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Luciferi primo cum sidere frigida rura carpamus, dum mane novum, dum gramina canent Virgil, Georgics III, 324-5
Tantum religio potuit suadere malorum Lucretius

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Posted: 31 July 2006 08:02 AM   [ Ignore ]   [ # 3 ]
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It Is An Important Event

The book and public exposure of this ministry is an important event, and it is not isolated.  The case of Gregory Boyds is not one of voting democrats versus voting republicans.  Skiddum, read the whole article if my synthesis was not sufficient.  And Doug, I totally disagree with you.  Frustrations from more liberal religious are happening on a small scale everyday.  The problem is that dissidents are not organized but isolated inside their churches.  They tend to abandoned their churches and become humanists, skeptics, or disinterested in religion.  In this situation they do not rock the boat.  On the contrary, without these liberals, the original group becomes more fundamentalists and more conservative. 

The case of Gregory Boyd is different because of four elements.  (1) Boyd was not afraid to face his own congregation and to loose 1/5 of his members, something unheard of;  (2) he is getting national attention in the media, thus becoming a model that will encourage many to speak up, not only evangelicals, but from other Christian denominations as well (did you see on TV today a group of Catholic women declaring themselves priests and facing excommunication from the Vatican?; (3) Boyd has documented his rationale behind his stands, not only for his congregation, but for the general public to read. His sermons will become national best sellers, I predict and hope.  Conclusion:  the story does not end here.  A number of 4,000 may be small out of a million.  So was the case of one African American unwilling to give up her seat for a white male.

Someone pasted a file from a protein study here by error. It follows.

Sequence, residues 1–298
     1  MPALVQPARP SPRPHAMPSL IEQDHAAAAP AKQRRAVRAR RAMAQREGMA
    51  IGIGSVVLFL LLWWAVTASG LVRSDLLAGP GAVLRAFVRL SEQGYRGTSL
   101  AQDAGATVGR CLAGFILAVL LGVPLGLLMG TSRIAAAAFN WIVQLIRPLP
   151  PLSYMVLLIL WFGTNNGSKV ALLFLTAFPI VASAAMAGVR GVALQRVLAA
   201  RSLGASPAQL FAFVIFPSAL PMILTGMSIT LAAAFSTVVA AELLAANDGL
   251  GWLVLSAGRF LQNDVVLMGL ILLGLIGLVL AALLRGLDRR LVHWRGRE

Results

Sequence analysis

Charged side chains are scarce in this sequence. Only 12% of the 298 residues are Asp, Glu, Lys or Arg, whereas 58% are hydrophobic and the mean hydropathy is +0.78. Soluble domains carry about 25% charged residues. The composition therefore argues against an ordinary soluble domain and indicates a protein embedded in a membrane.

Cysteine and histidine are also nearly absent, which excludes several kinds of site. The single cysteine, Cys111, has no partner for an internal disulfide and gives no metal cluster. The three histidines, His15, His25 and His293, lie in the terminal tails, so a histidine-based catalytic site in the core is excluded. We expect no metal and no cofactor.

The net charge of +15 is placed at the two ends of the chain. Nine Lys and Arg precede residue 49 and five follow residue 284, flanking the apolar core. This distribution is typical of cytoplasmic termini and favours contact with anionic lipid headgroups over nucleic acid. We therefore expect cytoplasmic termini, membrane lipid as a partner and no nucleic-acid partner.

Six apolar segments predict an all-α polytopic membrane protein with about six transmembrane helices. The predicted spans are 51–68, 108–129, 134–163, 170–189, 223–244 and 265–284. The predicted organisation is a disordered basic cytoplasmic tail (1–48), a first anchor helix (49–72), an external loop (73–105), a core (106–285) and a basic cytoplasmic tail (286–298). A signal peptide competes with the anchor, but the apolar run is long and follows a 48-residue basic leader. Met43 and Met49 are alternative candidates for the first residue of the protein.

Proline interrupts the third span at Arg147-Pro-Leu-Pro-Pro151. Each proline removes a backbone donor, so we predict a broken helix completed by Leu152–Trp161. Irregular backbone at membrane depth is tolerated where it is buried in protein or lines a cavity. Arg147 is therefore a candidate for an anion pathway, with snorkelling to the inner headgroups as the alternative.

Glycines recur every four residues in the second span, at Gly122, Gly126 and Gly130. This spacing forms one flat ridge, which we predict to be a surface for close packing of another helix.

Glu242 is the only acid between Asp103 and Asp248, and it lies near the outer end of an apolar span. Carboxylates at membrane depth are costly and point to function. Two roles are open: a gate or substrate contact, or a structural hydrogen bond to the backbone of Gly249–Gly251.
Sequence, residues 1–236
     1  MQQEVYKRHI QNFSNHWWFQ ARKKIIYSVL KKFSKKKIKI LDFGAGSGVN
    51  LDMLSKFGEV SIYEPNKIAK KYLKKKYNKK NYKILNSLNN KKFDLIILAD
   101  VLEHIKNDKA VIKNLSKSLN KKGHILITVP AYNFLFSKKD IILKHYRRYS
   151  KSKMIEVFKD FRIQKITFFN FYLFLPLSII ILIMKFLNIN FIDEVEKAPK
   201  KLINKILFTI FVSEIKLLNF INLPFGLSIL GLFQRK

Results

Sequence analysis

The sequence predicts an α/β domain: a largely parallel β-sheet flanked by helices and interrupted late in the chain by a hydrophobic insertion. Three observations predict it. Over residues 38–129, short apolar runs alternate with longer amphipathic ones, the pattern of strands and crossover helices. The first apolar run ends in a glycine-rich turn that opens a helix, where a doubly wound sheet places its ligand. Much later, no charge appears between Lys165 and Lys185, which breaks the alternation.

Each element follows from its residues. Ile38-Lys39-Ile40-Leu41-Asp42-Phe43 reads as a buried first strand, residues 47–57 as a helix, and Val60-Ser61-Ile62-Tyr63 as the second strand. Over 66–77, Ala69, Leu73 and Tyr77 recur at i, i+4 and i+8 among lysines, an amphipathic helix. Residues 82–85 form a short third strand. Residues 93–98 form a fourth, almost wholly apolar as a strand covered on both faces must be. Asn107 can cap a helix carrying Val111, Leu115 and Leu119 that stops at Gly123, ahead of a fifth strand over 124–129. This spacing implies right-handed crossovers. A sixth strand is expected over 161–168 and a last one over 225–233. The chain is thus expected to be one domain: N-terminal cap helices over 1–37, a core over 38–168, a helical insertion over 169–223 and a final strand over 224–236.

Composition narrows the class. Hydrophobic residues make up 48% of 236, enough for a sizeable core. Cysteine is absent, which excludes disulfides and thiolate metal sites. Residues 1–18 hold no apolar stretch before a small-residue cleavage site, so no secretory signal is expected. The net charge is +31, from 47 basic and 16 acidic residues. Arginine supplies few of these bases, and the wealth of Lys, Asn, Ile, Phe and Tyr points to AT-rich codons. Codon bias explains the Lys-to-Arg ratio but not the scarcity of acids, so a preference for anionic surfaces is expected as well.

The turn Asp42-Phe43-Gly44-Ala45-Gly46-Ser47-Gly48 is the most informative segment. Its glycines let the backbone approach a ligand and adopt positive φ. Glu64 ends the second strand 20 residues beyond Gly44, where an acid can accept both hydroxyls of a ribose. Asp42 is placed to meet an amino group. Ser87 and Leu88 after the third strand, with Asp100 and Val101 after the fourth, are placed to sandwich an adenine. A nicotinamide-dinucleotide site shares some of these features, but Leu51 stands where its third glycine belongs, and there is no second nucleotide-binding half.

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Posted: 31 July 2006 08:56 AM   [ Ignore ]   [ # 4 ]
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Hi Argie,

When I said I didn’t think this deserved front-page NYT treatment, I didn’t mean to suggest I thought it was a bad thing! Modulo the fact that I am no sort of Christian, this seems to me a great development, and of course kudos to Boyd for standing up and saying something.

I also want to thank you for posting it. It certainly deserves mention.

That said, it is one thing to have Boyd say these good things to 4,000 people and another thing entirely to have Pat Robertson say the opposite to 4,000,000.

A good friend of mine’s father was a liberal Baptist minister in the south who eventually parted ways with the Southern Baptists over similar sorts of issues, probably 20-25 years ago. Things have only gotten worse in the interim.

IF Boyd’s sermons become bestsellers, as you suggest they might, THEN it would be encouraging news. Until then it is more a small point of light in a background of darkness.

... stop me if I’m being too pessimistic.

:?

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Posted: 31 July 2006 10:38 AM   [ Ignore ]   [ # 5 ]
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Sooner or later the USA will follow the norm

You are Doug.  Among non-Muslim nations, the fundamentalism of Christians in the USA is an outlier.  The norm for educated people is to be less and less fanatic and religious.  I see this phenomenon in the European countries and in Latin America when comparing between the middle class and the popular classes. 

I think that being an atheist in the USA is such a minor event because of the long period of the cold war.  Being communist was associated with being atheist.  The USA has been by far the most anticommunist country in the world.  It is a democracy, but people fear the word and its association to a lack of religiosity.  People fear persecution in this country because of their beliefs.  Being religious is safer.    :cry: